The Panic Room: Terminator is literally happening before our eyes
I’ll be back – after I take this Xanax and lie down for a bit.
Technology is terrible. The Panic Room is a weekly column where I take a look at some of the biggest tech stories of the week and prove it. Did I say prove it? I meant have a discussion about it. But I’ll ultimately prove it. Because the thing about technology is, it’s terrible.
Where have I seen this befor-oh right, The Terminator
The other day my roommate was saying something derogatory about Italians (it’s okay because he’s Italian) when his phone’s Siri proclaimed, unprompted, that she was placing an order from a nearby Italian restaurant. That’s what I would call a happy AI mistake. Launching a nuclear strike on Italy because someone in the office said they were planning to reheat ravioli for lunch, on the other hand, is something I feel comfortable calling a bad AI mistake.
And yet, that’s the world that two nuclear experts think we need to live in. I say experts because that’s the term being thrown around, but something tells me that Adam Lowther and Curtis McGiffin – who recently authored a piece for War on the Rocks advocating for an AI-controlled nuclear arsenal – got their degrees at the same place as Denise Richards’ character in that one James Bond movie.
The idea is based on a “Dead Hand” protocol first deployed by Russia during the Cold War and more or less assures mutual destruction in the case of a nuclear attack. So right off the bat, it’s checking off a lot of great idea boxes. Handing this godlike power over to AI, which doesn’t make mistakes and has never told a lie, would be the only response rapid enough to deter countries like Russia or China from launching their new, super speedy missiles.
It’s also a really, supremely stupid idea.
I mean, really, it can’t be overstated. It’s like these two goofs watched the Terminator series one night and thought, “Yeah, that. Let’s make that real.” It’s literally how Terminator 3 ends, and that movie was so prophetic that it actually signaled the end of the Terminator franchise being watchable.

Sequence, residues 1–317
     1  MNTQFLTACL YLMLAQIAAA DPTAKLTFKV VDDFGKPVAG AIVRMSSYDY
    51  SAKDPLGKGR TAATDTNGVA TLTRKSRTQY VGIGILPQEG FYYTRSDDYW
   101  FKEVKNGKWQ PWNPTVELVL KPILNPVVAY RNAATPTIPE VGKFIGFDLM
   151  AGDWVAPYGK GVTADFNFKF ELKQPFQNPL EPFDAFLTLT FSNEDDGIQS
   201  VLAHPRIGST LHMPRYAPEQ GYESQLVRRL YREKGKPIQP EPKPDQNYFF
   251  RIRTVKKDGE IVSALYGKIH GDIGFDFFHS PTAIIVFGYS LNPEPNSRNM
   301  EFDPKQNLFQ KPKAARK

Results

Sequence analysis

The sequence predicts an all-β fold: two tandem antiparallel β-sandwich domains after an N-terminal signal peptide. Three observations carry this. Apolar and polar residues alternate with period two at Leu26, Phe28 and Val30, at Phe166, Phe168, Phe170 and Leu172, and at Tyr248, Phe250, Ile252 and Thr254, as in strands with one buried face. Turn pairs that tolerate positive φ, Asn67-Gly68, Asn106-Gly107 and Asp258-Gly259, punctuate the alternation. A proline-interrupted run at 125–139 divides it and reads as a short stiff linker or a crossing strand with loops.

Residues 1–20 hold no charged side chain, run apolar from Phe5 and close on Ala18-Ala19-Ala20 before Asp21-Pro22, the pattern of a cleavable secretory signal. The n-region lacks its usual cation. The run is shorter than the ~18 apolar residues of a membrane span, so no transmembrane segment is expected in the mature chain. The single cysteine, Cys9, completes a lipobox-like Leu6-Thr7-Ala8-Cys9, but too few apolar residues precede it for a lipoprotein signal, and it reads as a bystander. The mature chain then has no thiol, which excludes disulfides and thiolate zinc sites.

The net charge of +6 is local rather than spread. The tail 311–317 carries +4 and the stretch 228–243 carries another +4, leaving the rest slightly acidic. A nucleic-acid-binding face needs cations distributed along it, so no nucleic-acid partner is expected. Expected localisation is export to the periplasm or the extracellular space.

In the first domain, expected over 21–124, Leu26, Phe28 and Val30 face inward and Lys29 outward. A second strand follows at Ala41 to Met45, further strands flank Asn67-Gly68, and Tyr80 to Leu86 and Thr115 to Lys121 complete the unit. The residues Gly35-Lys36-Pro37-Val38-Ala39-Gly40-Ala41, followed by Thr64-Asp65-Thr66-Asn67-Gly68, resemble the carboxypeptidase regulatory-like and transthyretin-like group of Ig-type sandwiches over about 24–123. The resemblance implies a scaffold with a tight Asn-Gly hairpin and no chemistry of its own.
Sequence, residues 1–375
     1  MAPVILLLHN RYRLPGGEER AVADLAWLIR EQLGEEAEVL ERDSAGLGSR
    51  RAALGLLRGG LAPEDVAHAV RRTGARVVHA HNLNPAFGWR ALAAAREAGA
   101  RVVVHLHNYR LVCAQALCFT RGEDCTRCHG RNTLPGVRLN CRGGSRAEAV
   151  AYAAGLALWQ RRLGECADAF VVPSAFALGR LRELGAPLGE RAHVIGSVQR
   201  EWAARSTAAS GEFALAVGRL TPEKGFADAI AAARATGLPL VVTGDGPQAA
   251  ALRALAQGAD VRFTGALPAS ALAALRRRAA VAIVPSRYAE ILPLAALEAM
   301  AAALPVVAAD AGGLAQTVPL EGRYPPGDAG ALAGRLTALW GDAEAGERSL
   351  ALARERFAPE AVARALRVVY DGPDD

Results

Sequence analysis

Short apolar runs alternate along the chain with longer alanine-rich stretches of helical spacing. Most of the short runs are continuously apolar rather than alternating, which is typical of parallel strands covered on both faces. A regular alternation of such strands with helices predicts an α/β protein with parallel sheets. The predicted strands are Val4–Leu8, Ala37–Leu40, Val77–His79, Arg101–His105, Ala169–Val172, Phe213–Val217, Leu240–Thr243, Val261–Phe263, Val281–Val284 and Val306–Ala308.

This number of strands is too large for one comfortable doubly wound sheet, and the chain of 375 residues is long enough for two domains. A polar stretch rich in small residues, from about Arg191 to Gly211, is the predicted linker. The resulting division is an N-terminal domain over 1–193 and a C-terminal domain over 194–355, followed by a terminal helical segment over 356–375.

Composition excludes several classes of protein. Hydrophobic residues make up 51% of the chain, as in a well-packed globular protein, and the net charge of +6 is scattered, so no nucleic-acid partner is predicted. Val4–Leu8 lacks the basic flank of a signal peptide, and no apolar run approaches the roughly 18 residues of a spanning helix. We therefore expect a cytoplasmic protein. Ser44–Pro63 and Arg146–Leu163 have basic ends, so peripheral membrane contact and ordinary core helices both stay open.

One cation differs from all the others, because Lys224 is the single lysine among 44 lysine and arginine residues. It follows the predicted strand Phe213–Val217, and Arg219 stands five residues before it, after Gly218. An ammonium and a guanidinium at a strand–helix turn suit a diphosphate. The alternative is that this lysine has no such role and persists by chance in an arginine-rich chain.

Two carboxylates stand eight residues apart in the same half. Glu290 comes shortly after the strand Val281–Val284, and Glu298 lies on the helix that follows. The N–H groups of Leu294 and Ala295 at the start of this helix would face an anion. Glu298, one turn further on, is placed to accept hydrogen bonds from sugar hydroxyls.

Or, as actual expert Peter W. Singer put it, “It’s, uh, quite an article.”
Deepfakes remain the dirt f*cking worst
By now, I’m sure you’ve all seen that deepfake video where Bill Hader’s face morphs into Tom Cruise’s face while he’s doing an impression of Tom Cruise. It’s a more disturbing 2 minutes than anything Barry has pulled off, and I include that feral zombie (?) daughter he fought last season.
Deepfakes are the worst. The dirt worst. The Jacob Wohl worst. And the technology behind it is already so popular that it’s being spun off into the audio realm, and then used to scam people out of hundreds of thousands of dollars. Yeah, the victim in this week’s case was a CEO, but imagine when this starts happening to actual people. And it will be soon, because China has already figured out a way to get people to basically hand over this incredibly personal info for the chance to put their faces in famous movies.
This is some Fox News 11.am expose designed to scare your grandparents-type shit, and we’re only at the tip of this nightmare iceberg. Which coincidentally, is the name of the movie I’m currently writing for the Syfy channel.
A moment for a fallen star
truly lmfao r.i.p. the jeremy renner app pic.twitter.com/VWFx201ZNb
— karen han (@karenyhan) September 4, 2019
I regret to inform everyone that Jeremy Renner’s fan interaction app has died following a horrific shark-jumping accident. I also regret to inform you that Hawkeye does not appear to know the meaning of the word “literally.” Gone 2 soon.
“I’m not even going to click that” Reddit headline of the week
I…how did you…
What do you think about this week in the world of terrible technology? Am I overreacting? No, right? Are you ready for IRL Terminator? Let us know down below in the comments or carry the discussion over to our Twitter or Facebook.
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